Neuropsychiatric Systemic Lupus Erythematosus Is Dependent on Sphingosine-1-Phosphate Signaling

Elise V. Mike, Hadijat M. Makinde, Evan Der, Ariel Stock, Maria Gulinello, Gaurav T. Gadhvi, Deborah R. Winter, Carla M. Cuda, Chaim Putterman

Research output: Contribution to journalArticlepeer-review

45 Scopus citations


About 40% of patients with systemic lupus erythematosus experience diffuse neuropsychiatric manifestations, including impaired cognition and depression. Although the pathogenesis of diffuse neuropsychiatric SLE (NPSLE) is not fully understood, loss of brain barrier integrity, autoreactive antibodies, and pro-inflammatory cytokines are major contributors to disease development. Fingolimod, a sphingosine-1-phosphate (S1P) receptor modulator, prevents lymphocyte egress from lymphoid organs through functional antagonism of S1P receptors. In addition to reducing the circulation of autoreactive lymphocytes, fingolimod has direct neuroprotective effects such as preserving brain barrier integrity and decreasing pro-inflammatory cytokine secretion by astrocytes and microglia. Given these effects, we hypothesized that fingolimod would attenuate neurobehavioral deficits in MRL-lpr/lpr (MRL/lpr) mice, a validated neuropsychiatric lupus model. Fingolimod treatment was initiated after the onset of disease, and mice were assessed for alterations in cognitive function and emotionality. We found that fingolimod significantly attenuated spatial memory deficits and depression-like behavior in MRL/lpr mice. Immunofluorescent staining demonstrated a dramatic lessening of brain T cell and macrophage infiltration, and a significant reduction in cortical leakage of serum albumin, in fingolimod treated mice. Astrocytes and endothelial cells from treated mice exhibited reduced expression of inflammatory genes, while microglia showed differential regulation of key immune pathways. Notably, cytokine levels within the cortex and hippocampus were not appreciably decreased with fingolimod despite the improved neurobehavioral profile. Furthermore, despite a reduction in splenomegaly, lymphadenopathy, and circulating autoantibody titers, IgG deposition within the brain was unaffected by treatment. These findings suggest that fingolimod mediates attenuation of NPSLE through a mechanism that is not dependent on reduction of autoantibodies or cytokines, and highlight modulation of the S1P signaling pathway as a novel therapeutic target in lupus involving the central nervous system.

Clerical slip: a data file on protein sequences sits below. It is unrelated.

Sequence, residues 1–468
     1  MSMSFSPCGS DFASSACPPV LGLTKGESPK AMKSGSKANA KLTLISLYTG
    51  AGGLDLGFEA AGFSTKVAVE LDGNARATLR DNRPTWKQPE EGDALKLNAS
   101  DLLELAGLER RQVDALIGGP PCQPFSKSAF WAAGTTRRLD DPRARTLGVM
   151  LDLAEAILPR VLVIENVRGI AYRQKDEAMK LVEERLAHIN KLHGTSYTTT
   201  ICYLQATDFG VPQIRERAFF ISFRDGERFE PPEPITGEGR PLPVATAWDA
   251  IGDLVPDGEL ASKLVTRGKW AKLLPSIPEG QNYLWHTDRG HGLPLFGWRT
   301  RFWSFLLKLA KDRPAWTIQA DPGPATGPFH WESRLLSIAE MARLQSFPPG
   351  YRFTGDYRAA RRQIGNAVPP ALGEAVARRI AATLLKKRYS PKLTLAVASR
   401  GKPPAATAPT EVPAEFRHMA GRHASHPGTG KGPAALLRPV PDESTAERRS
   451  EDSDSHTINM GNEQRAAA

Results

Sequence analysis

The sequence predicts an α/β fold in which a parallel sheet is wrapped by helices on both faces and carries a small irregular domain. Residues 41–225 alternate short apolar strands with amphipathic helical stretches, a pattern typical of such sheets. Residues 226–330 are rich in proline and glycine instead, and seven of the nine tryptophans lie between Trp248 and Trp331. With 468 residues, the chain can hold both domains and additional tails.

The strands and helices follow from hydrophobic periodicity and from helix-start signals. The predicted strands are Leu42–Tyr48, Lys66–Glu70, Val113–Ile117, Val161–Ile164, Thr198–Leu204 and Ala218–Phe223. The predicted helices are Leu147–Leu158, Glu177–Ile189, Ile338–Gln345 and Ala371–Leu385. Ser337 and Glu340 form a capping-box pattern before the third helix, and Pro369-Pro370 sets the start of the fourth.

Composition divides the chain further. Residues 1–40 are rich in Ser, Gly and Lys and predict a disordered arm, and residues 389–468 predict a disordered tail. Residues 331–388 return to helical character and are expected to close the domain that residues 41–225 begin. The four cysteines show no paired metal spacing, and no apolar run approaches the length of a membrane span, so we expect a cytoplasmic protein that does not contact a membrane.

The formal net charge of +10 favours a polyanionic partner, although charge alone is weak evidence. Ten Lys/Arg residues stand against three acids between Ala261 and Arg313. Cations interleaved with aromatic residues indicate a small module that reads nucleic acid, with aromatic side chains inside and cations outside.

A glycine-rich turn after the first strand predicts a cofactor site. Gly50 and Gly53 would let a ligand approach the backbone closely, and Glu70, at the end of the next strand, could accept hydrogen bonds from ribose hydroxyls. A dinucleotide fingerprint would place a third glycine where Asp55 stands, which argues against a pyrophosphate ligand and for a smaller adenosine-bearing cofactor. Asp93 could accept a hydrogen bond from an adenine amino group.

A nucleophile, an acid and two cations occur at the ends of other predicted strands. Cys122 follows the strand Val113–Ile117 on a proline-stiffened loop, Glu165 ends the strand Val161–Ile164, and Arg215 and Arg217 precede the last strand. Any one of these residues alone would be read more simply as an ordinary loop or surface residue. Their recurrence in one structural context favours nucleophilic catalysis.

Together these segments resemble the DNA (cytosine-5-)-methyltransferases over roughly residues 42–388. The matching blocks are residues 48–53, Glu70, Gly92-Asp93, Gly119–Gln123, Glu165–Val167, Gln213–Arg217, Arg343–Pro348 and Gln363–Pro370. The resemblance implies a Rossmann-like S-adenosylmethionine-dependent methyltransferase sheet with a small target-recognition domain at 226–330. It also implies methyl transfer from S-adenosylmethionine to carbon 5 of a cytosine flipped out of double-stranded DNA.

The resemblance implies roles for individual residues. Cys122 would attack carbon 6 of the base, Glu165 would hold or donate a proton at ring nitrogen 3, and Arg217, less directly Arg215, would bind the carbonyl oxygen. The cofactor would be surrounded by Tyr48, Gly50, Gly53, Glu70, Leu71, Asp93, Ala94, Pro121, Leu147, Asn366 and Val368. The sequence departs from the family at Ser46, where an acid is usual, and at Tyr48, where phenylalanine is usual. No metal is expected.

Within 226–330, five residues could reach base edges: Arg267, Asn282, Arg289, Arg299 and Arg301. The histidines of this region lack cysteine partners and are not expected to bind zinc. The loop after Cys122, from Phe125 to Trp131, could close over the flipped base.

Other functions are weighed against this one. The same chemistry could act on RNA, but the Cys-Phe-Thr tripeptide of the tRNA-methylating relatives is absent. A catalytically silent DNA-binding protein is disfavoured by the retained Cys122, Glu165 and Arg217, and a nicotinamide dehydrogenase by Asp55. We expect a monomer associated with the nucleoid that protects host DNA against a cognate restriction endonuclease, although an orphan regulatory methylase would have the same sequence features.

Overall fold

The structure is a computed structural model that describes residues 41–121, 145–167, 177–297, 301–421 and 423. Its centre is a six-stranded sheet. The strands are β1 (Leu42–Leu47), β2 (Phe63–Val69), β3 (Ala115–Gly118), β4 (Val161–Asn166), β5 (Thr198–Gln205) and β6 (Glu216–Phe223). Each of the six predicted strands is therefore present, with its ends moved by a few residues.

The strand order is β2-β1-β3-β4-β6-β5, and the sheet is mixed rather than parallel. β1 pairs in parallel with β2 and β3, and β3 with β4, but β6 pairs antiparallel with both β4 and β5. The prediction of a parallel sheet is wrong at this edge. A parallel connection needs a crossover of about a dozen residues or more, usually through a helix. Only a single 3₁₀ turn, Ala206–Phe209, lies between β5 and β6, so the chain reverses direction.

Original languageEnglish
Article number2189
JournalFrontiers in Immunology
StatePublished - 26 Sep 2018
Externally publishedYes

Bibliographical note

Publisher Copyright:
© Copyright © 2018 Mike, Makinde, Der, Stock, Gulinello, Gadhvi, Winter, Cuda and Putterman.


  • RNA-seq
  • choroid plexus
  • fingolimod
  • neuropsychiatric lupus
  • systemic lupus erythematosus


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